Let’s face it. Disclosing prior damage to a vehicle in a dealer’s inventory is a nightmare. Under Kentucky law, and in its simplest terms, the seller of a motor vehicle, be it an individual or dealer, is required to disclose all damage to the vehicle of which the seller has direct knowledge that result in repairs in excess of $2000.00. This duty applies to all repairs except for wheels, tires and glass that occur while it is in the seller’s possession and prior to delivery to the buyer. The disclosure has to be in writing, signed by the buyer. KRS 186A.540. As most readers know, the legislature upped the amount of damage to $2000 in the 2017 legislative session.
So how does this statute square with an As-Is clause in a contract. In Evans v. JNT, Inc. 2015 WL 4967254 the Kentucky Court of Appeals dealt with a case that involved the damage disclosure statute and the As-Is clause in a contract. Almost every lawsuit that I have seen filed against a dealership made the following claims: 1) breach of contract;2) intentional misrepresentation; 3) negligent misrepresentation; 4) breach of express and implied warranties’ and of course, violation of the Kentucky Consumer Protection Act and failure to disclose prior damage. These claims are cookie cutter for consumer attorneys and quite frankly, are a handful to defend.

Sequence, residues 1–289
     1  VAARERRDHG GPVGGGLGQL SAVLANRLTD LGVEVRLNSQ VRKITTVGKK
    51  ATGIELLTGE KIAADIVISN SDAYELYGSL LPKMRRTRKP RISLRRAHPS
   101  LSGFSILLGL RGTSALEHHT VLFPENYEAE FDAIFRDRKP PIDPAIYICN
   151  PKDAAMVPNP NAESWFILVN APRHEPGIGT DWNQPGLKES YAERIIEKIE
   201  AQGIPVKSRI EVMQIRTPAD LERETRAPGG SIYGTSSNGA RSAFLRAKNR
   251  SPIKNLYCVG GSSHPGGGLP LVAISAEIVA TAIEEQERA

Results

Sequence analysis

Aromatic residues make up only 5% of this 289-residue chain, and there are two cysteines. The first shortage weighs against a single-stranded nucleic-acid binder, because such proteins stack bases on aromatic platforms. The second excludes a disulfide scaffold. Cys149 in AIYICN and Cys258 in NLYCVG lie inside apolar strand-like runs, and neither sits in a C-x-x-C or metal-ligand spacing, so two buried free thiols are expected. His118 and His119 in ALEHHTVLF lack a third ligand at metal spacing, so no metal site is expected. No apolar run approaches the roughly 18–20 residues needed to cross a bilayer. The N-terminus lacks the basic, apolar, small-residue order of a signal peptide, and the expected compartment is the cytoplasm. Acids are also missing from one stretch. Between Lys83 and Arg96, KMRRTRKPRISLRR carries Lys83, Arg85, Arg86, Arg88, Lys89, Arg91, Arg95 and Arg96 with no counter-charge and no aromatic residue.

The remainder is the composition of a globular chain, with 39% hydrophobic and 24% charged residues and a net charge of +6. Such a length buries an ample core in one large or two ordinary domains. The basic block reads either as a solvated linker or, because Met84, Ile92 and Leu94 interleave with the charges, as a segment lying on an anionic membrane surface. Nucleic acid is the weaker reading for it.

The Evans decision chalked one up for the good guys. At least partially. In short, Evans found that an As-Is clause protects the seller from claims involving express or implied warranties, breach of contract and negligent representation. It didn’t protect the seller from intentional misrepresentation or KCPA claims, however. Additionally, the court held that KRS 186A.540 creates an affirmative duty on the seller to disclose all damage of which it has direct knowledge including cumulative damage and warranty repairs regardless of whether or not the repairs were billed to the seller.
The use of of AS-IS clauses in a sales contract is an absolute must for a dealership to use. As you can see, it insulates the dealership from many claims but it will not help avoid fraud claims. It puts more of a burden on the buyer to prove fraud, but it doesn’t prevent them.
So what does all this mean? Practically speaking, disclose damage, use AS-IS clauses and never use the words “perfect condition” when describing a vehicle. “As far as I know” are the buzz words to use.